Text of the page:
The exact law of mortality dynamics in changing populations and environment is derived. It includes no explicit characteristics of animal-environment interactions (metabolism, etc.) which are a must for life; it is universal for all animals, from single-cell yeast to humans, with their drastically different biology, evolutionary history, and complexity; it is rapidly (within few percent of life span) reversible. Such a law is unique for live systems with their homeostatic self-adjustment to environment (cf. thermodynamics of liquids and glasses). The law which is valid for all live, and only live, systems is their specific natural law. Mortality is an instrument of natural selection and biological diversity. Its law, which is preserved in evolution of all species, is a conservation law of mortality, selection, evolution, biology. The law implies new kinds of intrinsic mortality and adaptation which dominate in evolutionary unprecedented protected populations and, in contrast to species-specific natural selection, proceed via universal stepwise rungs and reduce to universal cellular mechanism. The law demonstrates that intrinsic mortality and at least certain aspects of aging are disposable evolutionary byproducts, and directed genetic and/or biological changes may yield healthy and vital Methuselah lifespan. This is consistent with experiments. Universality implies that single-cell yeast may provide a master key to the cellular mechanism of universal mortality, aging, selection, evolution, and its regulation in all animals. One may look for its manifestations in animal cells also, e.g., in their replicative senescence and cancer. Evolutionary origin and genetic nature of universality are suggested.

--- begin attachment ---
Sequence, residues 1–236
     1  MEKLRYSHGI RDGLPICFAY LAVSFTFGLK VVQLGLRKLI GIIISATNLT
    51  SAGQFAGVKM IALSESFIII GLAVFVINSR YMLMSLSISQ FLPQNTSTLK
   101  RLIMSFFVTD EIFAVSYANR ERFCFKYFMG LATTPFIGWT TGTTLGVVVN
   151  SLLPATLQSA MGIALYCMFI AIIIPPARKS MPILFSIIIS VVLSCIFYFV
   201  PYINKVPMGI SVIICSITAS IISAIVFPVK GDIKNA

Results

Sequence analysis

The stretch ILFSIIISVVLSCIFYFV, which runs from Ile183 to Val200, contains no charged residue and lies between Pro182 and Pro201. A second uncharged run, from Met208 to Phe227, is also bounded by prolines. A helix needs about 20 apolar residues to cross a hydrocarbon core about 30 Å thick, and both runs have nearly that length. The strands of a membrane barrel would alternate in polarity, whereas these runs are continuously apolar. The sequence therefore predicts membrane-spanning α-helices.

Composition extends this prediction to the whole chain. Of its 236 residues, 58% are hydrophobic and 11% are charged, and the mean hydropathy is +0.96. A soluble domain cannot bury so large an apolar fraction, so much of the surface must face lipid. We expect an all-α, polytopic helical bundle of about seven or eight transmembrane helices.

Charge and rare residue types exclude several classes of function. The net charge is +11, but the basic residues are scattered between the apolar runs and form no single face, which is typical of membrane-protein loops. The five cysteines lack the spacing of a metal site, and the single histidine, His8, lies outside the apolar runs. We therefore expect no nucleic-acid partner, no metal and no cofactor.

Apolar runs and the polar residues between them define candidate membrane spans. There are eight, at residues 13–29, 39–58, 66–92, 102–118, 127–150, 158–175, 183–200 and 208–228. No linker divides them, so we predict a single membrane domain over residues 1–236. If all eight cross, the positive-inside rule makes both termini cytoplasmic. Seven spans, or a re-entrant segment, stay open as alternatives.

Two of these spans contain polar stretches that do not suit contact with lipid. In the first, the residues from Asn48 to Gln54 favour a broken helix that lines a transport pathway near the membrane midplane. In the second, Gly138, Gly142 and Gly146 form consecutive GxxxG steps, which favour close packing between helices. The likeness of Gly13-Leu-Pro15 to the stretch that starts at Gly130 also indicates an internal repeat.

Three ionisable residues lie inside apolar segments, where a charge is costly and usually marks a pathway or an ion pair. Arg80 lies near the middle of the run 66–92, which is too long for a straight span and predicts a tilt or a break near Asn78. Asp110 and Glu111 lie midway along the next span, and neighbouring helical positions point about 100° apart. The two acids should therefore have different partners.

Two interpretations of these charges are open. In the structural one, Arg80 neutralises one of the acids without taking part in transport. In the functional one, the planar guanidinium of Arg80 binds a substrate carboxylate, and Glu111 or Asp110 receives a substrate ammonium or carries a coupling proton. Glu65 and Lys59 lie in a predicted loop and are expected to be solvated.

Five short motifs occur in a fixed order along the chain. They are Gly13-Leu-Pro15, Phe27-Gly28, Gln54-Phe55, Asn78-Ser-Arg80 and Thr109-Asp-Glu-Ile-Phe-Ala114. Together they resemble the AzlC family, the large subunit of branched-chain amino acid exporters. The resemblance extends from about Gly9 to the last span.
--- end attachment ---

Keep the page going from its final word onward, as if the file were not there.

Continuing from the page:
Azbel?, Mark Ya.

2005-08-01

213

A fatigue damage accumulation model based on continuum damage mechanics and ductility exhaustion  

Microsoft Academic Search

Using continuum damage mechanics, a fatigue damage accumulation model related to ductility exhaustion has been developed. This model was applied to study fatigue damage evolution in a pressure vessel steel and two-level cyclic tests have been carried out to verify the damage accumulation model. The experimental results showed that a damage variable, D, based on ductility exhaustion can be used

Guangxu Cheng; Alan Plumtree

1998-01-01

214

World Law.  

ERIC Educational Resources Information Center